Goodreads helps you keep track of books you want to read.
Start by marking “Chasing Stars: The Myth of Talent and the Portability of Performance” as Want to Read:
Chasing Stars: The Myth of Talent and the Portability of Performance
Enlarge cover
Rate this book
Clear rating
Open Preview

Chasing Stars: The Myth of Talent and the Portability of Performance

3.85  ·  Rating details ·  60 ratings  ·  8 reviews
It is taken for granted in the knowledge economy that companies must employ the most talented performers to compete and succeed. Many firms try to buy stars by luring them away from competitors. But Boris Groysberg shows what an uncertain and disastrous practice this can be.

After examining the careers of more than a thousand star analysts at Wall Street investment banks,
Hardcover, 446 pages
Published May 9th 2010 by Princeton University Press (first published April 19th 2010)
More Details... Edit Details

Friend Reviews

To see what your friends thought of this book, please sign up.

Reader Q&A

To ask other readers questions about Chasing Stars, please sign up.

Be the first to ask a question about Chasing Stars

This book is not yet featured on Listopia. Add this book to your favorite list »

Community Reviews

Showing 1-30
Average rating 3.85  · 
Rating details
 ·  60 ratings  ·  8 reviews

More filters
Sort order
Start your review of Chasing Stars: The Myth of Talent and the Portability of Performance
Andre Kubota
Jun 17, 2019 rated it really liked it
This is a book made by Boris Groysberg, a teacher of leadership in HBS. It’s about the portability of star employees on different companies. The study considered several professions, but chose equity analysts on Wall Street. This was the only profession to have enough public data to be studied and reduced factors that could affect the study. It found that most star analysts were not as successful on the new company as they were in the previous one. Interesting results on the performance of ...more
Jason Orthman
May 20, 2017 rated it really liked it
An excellent book and a must read for anyone that works in an investment firm ("sell side"). Shows how hard it is to transfer your success from one organisation to another where relationships, structures and support systems vary. Some excellent detail.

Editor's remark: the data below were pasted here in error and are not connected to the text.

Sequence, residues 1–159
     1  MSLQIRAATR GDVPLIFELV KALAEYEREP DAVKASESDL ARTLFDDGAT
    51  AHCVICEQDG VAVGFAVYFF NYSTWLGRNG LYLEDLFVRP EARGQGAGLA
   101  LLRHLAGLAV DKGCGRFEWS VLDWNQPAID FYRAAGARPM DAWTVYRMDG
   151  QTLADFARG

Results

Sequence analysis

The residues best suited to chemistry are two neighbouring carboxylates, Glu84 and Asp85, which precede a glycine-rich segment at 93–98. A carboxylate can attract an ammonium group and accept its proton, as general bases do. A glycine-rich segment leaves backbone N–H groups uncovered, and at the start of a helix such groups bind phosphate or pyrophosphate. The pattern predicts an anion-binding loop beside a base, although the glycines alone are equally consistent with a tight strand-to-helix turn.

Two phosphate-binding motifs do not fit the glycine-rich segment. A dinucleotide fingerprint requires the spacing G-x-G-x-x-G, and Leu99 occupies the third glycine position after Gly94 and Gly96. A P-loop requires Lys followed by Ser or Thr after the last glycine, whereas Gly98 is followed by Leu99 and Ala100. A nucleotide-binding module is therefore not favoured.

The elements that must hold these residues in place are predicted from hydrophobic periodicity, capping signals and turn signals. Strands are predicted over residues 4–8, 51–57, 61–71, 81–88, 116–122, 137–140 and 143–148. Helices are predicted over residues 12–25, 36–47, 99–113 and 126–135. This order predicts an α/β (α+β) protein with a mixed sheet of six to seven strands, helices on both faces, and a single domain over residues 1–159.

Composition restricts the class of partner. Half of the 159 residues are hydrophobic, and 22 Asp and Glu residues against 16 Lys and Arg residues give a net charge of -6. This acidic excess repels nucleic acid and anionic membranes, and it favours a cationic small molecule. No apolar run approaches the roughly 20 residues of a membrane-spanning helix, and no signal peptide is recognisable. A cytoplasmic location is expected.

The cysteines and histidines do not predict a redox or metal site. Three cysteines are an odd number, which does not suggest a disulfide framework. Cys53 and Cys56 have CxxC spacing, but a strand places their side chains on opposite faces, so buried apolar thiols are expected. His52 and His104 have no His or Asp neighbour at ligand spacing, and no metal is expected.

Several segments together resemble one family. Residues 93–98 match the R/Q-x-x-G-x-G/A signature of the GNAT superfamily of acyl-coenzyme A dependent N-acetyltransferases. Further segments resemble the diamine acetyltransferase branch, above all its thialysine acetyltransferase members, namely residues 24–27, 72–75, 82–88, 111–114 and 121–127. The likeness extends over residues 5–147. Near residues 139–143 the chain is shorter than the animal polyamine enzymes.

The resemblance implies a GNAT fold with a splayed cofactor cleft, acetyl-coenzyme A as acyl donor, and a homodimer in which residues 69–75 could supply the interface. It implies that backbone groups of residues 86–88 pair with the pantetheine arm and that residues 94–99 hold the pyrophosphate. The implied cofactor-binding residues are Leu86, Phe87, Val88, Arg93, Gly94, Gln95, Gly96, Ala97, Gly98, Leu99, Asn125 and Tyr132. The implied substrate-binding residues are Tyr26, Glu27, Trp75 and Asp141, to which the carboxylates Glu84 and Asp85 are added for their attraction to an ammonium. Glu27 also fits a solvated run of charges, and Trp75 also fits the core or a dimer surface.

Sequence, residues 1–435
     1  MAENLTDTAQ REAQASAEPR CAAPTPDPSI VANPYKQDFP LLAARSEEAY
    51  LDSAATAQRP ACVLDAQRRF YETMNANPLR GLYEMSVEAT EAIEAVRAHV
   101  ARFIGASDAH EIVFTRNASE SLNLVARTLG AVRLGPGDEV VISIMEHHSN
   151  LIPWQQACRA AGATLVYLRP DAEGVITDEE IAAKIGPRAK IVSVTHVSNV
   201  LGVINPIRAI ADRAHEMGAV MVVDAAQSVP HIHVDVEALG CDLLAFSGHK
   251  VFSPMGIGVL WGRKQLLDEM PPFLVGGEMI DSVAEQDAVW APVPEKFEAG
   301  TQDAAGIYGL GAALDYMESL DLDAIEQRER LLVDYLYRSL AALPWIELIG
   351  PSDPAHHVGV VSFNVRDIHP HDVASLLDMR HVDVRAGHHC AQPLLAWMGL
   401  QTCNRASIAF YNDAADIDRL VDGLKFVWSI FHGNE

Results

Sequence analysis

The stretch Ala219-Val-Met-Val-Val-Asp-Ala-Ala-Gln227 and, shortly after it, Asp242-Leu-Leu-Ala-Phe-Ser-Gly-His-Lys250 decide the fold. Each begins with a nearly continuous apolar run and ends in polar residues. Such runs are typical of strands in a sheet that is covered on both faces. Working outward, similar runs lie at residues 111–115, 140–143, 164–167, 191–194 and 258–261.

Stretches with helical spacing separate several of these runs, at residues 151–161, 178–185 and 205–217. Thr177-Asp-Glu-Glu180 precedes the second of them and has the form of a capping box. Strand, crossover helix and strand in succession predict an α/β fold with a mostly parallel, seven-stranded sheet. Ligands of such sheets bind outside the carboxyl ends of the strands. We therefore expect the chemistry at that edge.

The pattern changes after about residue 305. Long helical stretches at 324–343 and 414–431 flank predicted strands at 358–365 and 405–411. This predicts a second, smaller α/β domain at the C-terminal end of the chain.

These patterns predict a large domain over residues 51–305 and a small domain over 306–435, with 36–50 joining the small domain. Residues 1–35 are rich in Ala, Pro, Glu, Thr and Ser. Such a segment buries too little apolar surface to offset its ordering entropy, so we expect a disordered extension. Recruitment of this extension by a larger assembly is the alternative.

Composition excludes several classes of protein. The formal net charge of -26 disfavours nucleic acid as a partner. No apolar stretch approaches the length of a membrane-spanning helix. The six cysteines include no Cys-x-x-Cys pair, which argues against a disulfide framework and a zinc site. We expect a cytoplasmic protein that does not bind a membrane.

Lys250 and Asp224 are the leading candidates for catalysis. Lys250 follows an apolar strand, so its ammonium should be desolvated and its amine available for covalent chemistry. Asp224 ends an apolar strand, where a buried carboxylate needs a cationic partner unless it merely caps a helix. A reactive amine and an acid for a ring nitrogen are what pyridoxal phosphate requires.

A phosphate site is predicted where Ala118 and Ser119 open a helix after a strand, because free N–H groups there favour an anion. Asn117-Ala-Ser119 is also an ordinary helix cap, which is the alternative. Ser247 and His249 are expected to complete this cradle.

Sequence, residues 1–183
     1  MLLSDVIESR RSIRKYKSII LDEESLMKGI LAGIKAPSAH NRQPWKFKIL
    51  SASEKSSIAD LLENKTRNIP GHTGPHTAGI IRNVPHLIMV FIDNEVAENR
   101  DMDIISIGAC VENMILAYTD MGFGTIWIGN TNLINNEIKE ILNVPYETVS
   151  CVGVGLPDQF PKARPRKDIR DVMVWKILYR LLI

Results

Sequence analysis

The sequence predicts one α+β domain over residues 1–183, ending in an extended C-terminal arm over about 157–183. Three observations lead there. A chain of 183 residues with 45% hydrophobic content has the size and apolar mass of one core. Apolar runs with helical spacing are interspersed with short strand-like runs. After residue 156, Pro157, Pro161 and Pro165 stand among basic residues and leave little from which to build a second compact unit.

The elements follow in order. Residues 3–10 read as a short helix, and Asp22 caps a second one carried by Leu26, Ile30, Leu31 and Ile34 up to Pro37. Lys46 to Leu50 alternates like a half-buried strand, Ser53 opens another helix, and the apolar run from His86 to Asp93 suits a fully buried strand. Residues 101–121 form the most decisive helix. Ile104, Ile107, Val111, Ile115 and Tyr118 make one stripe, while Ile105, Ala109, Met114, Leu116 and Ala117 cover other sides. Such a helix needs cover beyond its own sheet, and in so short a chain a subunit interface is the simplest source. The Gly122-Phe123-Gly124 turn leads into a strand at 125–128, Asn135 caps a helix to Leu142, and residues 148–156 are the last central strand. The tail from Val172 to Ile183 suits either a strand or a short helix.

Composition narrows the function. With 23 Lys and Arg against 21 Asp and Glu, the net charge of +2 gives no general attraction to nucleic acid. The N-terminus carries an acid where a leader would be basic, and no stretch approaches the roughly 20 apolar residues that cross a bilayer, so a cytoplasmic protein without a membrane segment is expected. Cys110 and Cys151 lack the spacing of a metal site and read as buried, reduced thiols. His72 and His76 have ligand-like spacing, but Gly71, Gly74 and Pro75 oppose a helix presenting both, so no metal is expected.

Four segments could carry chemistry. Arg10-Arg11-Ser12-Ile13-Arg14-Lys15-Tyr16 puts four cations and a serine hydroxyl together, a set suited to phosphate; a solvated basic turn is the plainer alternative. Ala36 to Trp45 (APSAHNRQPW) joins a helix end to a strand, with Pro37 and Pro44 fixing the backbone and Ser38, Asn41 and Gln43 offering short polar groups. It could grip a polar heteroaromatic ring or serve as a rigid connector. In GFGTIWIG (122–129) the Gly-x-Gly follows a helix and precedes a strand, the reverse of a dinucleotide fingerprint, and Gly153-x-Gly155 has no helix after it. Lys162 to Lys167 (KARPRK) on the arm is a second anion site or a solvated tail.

Anandh Sundar
Nov 29, 2010 rated it really liked it
Backed by 10 years of solid research, this book explores the widely held belief of "Free agents". Modern day knowledge workers are quite willing to switch jobs hoping that they can replicate their success at the new employers. This book uses equity research profession as a proxy for analyzing this belief. Equity research is chosen being a compact profession(in the US just around 10,000 analysts in 1996) with publicly available accurate performance ratings(II rankins), and apparently being firm ...more
Nov 02, 2010 rated it liked it
Shelves: business
A very enjoyable book with in depth insight looking into the portability of people's skills in new job environment by using Wall Street analysts as the research subject.

The book shows that performance is highly affected by a web of relationships, and for workers looking for the next career move, don't be hasty and solely consider pay but also the support networks of the company.

For companies, it is not always worthwhile to hire stars as the performance is not guaranteed but instead they should
Devin Partlow
May 02, 2014 rated it it was ok
Is this a book about the portability of performance or is it just about Wall St. analysts? I was confused halfway through the book because the author goes on and on about these analysts. I guess its because the reader is just supposed to accept that the analyst's world is a microcosm of entire workforce (which I'm still not sold on btw) and the portability of an analyst applies to everyone.

I'll give this book an extra 0.5 stars for the little tidbit included about the c-suite employees though.

Mar 09, 2012 rated it it was ok
If you're an analyst on Wall Street, you'll want to read the entire book. I, however, could have done with just reading the last chapter. That covered everything applicable to my career and interests. The book is unfortunately marketed to a general audience when it is has been written for a very specific one.
Sep 30, 2014 rated it did not like it
Assigned for management course: I understand and appreciate the study. However, it could have been accomplished in one chapter rather than 13 in my opinion.
Luke Kanies
Dec 28, 2013 rated it it was amazing
The best book you'll ever read on portability of talent, and the only academically rigorous one.

If you hire and you care about hiring, you need to read this book. Done.
rated it it was amazing
Nov 25, 2014
rated it really liked it
Sep 10, 2017
rated it really liked it
Mar 02, 2016
Emily Lawson
rated it it was amazing
Feb 21, 2019
rated it really liked it
Feb 12, 2020
rated it liked it
Dec 27, 2016
rated it really liked it
Mar 11, 2017
Aaron Davis
rated it liked it
Nov 18, 2019
Kenneth Gitz
rated it liked it
Jun 13, 2018
Ashley Kalberer
rated it really liked it
Dec 25, 2016
rated it it was amazing
Apr 04, 2019
rated it it was amazing
Dec 08, 2014
rated it really liked it
Oct 05, 2015
rated it really liked it
Jan 05, 2014
rated it it was amazing
Nov 24, 2013
Ezra Adams
rated it it was amazing
Mar 31, 2012
Iman Hemmatian
rated it it was amazing
Mar 07, 2016
Nick Bennett
rated it it was amazing
Jan 12, 2019
Carol Augusto
rated it really liked it
Jan 04, 2015
rated it really liked it
Nov 17, 2012
Linda Eunson
rated it liked it
Jan 03, 2019
Wynn Sullivan
rated it liked it
Feb 13, 2020
« previous 1 next »
There are no discussion topics on this book yet. Be the first to start one »

Readers also enjoyed

  • Originals: How Non-Conformists Move the World
  • Chasing Heisenberg: The Race for the Atom Bomb (Kindle Single)
  • Being the Boss: The 3 Imperatives for Becoming a Great Leader
See similar books…